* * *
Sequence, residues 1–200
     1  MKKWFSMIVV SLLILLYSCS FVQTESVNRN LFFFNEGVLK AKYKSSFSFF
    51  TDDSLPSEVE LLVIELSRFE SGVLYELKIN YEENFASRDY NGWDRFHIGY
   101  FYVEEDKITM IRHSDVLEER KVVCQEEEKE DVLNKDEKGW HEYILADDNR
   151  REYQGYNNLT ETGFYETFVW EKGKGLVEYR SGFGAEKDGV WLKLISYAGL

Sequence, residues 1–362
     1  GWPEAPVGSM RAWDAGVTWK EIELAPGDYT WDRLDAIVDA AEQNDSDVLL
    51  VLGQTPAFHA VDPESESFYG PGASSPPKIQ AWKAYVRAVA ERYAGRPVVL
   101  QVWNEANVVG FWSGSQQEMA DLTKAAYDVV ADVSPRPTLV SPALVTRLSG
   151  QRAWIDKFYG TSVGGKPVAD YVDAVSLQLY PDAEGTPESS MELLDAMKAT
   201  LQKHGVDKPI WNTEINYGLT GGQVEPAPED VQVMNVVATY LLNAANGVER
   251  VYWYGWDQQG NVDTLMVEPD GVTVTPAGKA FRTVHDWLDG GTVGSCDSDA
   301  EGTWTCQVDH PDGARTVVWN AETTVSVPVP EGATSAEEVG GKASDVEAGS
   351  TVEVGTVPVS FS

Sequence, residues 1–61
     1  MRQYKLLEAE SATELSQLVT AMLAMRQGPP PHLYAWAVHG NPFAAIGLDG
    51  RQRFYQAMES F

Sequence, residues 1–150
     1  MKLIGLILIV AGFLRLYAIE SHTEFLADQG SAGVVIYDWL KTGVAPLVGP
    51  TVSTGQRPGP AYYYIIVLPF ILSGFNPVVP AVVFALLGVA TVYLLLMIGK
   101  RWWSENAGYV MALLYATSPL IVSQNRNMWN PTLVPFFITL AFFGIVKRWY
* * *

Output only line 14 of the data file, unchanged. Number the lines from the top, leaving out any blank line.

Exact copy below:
   351  TVEVGTVPVS FS